Judas was Jesus’s most trusted advisor and only betrayed him at Jesus’s request? That’s the claim in the gospel that the National Geographic Society recently revealed.
To most Christians, Judas is seen as a traitor, the disciple who betrayed Jesus to the Romans for 30 pieces of silver. But a newly restored papyrus document dating to the 2nd century AD portrays a very different man. Judas is shown as Jesus’ best friend, asked by Jesus himself to betray his identity to fulfill the prophecy and liberate his soul to ascend to heaven.
The leather-bound papyrus codex, believed to have been translated from the original ancient Greek to the Coptic language around 300 AD, was found in the 1970s in a cave in the desert near El Minya, Egypt. It then circulated among antiquities traders, moving from Egypt to Europe to the United States. The codex languished in a safe deposit box on Long Island, N.Y., for 16 years before being bought in 2000 by Zurich-based antiquities dealer Frieda Nussberger-Tchacos.
When attempts to resell the manuscript fell through, Tchacos — alarmed by the codexÃƒÂ¢Ã¢â€šÂ¬Ã¢â€žÂ¢s rapidly deteriorating state — transferred it to the Maecenas Foundation for Ancient Art in Basel, Switzerland, in February 2001 for conservation and translation.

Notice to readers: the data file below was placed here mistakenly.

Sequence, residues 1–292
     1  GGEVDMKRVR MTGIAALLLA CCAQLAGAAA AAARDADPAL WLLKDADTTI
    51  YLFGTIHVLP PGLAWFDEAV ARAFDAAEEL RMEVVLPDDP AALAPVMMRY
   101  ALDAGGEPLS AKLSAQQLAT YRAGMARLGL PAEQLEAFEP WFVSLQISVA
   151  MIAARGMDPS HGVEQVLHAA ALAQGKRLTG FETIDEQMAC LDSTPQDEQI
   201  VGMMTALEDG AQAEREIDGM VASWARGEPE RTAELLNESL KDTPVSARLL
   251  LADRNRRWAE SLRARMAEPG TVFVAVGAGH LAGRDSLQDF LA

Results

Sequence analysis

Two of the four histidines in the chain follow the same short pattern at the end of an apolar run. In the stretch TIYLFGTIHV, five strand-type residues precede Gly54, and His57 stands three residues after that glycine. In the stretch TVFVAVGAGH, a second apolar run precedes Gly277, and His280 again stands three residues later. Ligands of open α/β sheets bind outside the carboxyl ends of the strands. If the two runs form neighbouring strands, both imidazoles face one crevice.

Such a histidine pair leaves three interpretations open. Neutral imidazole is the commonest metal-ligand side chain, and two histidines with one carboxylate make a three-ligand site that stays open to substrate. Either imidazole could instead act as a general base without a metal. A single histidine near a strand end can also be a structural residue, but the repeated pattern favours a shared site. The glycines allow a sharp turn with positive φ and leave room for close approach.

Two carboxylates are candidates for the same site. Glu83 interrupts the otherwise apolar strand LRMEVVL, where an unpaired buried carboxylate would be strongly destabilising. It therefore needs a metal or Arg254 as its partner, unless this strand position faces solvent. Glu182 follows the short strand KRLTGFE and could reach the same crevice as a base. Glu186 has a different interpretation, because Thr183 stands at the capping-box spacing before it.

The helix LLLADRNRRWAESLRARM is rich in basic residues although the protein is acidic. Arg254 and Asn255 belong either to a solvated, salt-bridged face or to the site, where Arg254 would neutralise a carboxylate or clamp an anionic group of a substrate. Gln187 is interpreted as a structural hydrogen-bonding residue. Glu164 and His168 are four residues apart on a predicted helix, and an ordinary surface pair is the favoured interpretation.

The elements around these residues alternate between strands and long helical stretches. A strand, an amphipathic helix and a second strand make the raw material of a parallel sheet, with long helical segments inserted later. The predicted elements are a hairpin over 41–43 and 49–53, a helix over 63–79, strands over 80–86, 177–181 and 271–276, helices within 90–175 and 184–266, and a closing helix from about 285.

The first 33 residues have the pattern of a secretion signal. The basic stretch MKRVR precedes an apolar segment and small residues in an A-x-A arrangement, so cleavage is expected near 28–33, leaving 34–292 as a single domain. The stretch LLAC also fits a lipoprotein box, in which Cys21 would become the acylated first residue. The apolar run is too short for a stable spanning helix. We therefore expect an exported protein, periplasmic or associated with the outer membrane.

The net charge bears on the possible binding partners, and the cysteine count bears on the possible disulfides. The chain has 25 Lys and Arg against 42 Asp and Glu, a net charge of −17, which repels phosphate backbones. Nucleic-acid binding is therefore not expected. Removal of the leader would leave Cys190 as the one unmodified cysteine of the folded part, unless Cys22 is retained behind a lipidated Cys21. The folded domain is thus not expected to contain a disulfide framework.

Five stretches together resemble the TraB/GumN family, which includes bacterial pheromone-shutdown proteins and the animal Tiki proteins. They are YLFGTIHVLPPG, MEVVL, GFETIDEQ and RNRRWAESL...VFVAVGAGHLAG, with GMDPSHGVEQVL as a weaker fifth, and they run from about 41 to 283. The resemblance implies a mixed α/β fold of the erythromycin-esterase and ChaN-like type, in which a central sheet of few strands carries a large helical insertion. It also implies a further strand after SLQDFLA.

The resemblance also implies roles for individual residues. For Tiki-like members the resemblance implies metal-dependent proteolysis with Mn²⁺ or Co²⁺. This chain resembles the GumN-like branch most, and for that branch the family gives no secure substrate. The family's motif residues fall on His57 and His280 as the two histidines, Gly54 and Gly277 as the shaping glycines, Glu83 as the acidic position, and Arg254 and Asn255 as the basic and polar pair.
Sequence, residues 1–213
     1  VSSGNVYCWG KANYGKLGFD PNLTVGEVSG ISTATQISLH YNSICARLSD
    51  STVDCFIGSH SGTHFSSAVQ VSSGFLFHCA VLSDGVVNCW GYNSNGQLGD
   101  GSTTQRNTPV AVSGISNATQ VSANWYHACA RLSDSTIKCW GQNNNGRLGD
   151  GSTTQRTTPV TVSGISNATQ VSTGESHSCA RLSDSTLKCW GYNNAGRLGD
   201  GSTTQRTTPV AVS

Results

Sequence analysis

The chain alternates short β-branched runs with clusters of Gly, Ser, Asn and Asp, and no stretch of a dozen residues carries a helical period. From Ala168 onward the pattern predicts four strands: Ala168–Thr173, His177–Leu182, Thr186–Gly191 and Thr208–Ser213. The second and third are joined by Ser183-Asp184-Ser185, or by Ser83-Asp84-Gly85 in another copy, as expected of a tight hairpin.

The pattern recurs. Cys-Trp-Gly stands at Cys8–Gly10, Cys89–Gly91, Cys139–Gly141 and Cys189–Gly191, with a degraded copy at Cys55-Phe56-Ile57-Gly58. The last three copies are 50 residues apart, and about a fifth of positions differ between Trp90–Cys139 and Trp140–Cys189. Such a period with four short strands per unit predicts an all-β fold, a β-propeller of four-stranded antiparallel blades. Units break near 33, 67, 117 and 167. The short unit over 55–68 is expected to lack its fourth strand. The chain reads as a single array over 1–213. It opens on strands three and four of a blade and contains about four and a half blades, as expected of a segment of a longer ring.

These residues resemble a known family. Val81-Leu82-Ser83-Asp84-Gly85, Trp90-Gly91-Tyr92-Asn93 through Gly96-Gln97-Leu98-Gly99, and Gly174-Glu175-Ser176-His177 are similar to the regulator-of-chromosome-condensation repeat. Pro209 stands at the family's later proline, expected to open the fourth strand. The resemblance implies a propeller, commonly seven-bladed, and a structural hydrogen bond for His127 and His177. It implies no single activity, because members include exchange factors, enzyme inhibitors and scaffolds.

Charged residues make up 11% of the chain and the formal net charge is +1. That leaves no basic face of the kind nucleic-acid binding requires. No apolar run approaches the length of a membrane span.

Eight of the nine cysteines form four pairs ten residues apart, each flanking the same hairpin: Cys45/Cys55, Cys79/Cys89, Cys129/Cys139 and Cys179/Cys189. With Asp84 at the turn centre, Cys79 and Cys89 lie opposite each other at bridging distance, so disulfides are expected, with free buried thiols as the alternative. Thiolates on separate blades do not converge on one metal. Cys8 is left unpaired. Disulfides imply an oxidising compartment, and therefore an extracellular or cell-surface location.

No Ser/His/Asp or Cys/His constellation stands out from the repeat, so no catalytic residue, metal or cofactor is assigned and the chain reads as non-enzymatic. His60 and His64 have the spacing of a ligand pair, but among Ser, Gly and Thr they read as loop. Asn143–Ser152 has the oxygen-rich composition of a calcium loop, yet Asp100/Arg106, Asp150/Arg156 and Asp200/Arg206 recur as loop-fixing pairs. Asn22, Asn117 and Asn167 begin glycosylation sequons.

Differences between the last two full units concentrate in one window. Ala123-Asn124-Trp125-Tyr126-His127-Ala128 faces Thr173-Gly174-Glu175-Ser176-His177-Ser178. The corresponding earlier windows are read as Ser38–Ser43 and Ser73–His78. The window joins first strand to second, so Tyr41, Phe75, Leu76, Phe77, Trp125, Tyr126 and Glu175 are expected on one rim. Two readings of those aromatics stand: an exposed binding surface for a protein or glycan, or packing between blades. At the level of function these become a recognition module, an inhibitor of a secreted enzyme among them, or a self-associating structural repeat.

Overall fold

Rodolphe Kasser, one of the worldÃƒÂ¢Ã¢â€šÂ¬Ã¢â€žÂ¢s leading Coptic scholars, was recruited to reconstruct the manuscript and to transcribe and translate the text. The 66-page manuscript contains not only the Gospel of Judas but also a text titled James (also known as First Apocalypse of James), a letter of Peter to Philip and a fragment of a fourth text scholars for now are calling the Book of Allogenes.
More from the NY Times:
In this text, scholars reported yesterday, the account of events leading to the Crucifixion differs sharply from the four gospels in the New Testament. Here Jesus is said to entrust Judas with special knowledge and ask him to betray him to the Roman authorities. By doing so, he tells Judas, “you will exceed” the other disciples.
“You will be cursed by the other generations, and you will come to rule over them,” Jesus confides to Judas in the document, which was made public at a news conference at the National Geographic Society in Washington.
And yes, the manuscript is said to be genuine. The scholars agree on that. The content? Well, that’s another story. My gut tells me that this will ultimately be dismissed because it doesn’t fit into the story most Christians and Christian scholars know and love.
But what if?